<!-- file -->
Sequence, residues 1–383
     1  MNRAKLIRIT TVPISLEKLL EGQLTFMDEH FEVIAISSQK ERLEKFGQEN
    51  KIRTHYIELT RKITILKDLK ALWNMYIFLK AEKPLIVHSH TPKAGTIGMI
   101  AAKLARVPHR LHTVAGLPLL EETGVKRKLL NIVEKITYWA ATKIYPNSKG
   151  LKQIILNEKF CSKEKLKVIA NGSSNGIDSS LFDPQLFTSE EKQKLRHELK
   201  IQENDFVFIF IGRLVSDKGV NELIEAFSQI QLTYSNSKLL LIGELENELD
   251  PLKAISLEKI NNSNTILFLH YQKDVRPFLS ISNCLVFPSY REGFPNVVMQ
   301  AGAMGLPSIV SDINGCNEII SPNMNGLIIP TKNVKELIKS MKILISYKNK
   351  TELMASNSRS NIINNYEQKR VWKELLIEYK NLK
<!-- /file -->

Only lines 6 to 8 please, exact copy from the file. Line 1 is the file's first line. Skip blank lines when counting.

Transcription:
   201  IQENDFVFIF IGRLVSDKGV NELIEAFSQI QLTYSNSKLL LIGELENELD
   251  PLKAISLEKI NNSNTILFLH YQKDVRPFLS ISNCLVFPSY REGFPNVVMQ
   301  AGAMGLPSIV SDINGCNEII SPNMNGLIIP TKNVKELIKS MKILISYKNK